FDA drafts guidance on new allergen identification
Requests for dishes free of particular allergens outrank all other healthful requests at restaurants.
Food allergies are a major concern in the U.S. According to Food Allergy Research & Education, (FARE) 85 million Americans avoid buying food with the top nine allergens in it because either they have allergies or members of their households have them.
Milk, wheat, tree nuts, soy, fish, shellfish and peanuts have been the top allergens in the U.S. since the introduction of the Food Allergen Labeling and Consumer Protection Act of 2004 (FALCPA). Recently, sesame was added to this list through the Food Allergy Safety, Treatment, Education and Research (FASTER) Act.
Now, the Food & Drug Administration has issued draft guidance that, when finalized, will outline the agency’s approach to evaluating the importance of food allergens that are not one of the nine major food allergens today.
The draft guidance focuses on the:
- Most severe and immediately life-threatening type of food allergies
- Allergic reactions caused by the top nine allergens in food
- The approach the FDA intends to take when evaluating the public health concern of a potential new major allergen, including prevalence, severity, and allergenic potency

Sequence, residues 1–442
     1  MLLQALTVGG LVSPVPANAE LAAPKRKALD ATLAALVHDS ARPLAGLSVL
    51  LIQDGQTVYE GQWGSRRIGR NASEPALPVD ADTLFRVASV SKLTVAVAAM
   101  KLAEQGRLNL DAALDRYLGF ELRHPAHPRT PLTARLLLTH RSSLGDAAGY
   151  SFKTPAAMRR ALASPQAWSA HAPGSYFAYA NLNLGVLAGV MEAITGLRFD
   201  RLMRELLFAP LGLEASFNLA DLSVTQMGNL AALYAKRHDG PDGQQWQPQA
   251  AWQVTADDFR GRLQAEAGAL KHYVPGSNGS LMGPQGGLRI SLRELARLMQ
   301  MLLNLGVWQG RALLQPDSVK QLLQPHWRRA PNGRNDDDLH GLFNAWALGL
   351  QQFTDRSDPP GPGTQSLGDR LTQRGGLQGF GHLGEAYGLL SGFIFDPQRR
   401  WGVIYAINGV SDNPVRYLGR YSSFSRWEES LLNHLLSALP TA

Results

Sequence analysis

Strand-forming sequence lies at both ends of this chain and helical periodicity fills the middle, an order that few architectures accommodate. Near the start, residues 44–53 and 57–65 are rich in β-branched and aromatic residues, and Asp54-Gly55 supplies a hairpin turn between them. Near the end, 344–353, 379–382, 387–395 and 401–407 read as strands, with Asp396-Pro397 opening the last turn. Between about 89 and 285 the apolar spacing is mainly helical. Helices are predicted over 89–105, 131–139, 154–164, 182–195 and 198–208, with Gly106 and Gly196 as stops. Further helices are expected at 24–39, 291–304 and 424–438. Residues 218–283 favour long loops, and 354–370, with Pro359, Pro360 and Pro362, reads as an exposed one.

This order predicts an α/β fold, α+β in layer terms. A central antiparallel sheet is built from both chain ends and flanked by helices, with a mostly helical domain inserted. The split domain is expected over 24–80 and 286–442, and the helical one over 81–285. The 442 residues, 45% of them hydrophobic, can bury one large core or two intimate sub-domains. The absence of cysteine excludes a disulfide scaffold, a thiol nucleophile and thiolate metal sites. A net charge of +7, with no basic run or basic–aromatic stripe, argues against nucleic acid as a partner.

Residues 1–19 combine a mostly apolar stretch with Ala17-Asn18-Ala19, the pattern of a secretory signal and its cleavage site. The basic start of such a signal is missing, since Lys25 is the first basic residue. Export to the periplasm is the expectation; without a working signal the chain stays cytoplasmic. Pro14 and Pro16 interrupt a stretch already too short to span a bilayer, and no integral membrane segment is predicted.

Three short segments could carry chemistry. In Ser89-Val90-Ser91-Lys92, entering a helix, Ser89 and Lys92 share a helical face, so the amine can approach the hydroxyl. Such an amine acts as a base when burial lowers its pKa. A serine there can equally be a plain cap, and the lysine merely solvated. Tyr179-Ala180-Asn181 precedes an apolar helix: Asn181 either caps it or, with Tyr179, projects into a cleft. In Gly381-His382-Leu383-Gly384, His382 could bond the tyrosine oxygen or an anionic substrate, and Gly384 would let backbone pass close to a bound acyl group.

- FDA’s recommendations for identifying and evaluating the body of evidence regarding potential new major allergens, including scientific and other factors
Allergen and ingredient identification for restaurants is more important than ever. As the FDA evaluates new allergens, the number of kids and adults with food allergies continues to grow, and consumers choose restaurants based on the establishment’s ability to avoid allergens in dishes when requested.
Allergen-free food requests outrank all other healthful requests at restaurants.
The National Restaurant Association’s ServSafe Allergens program offers resources, information, and training for operators of any size to support the growing need to execute an allergen-safe dining experience.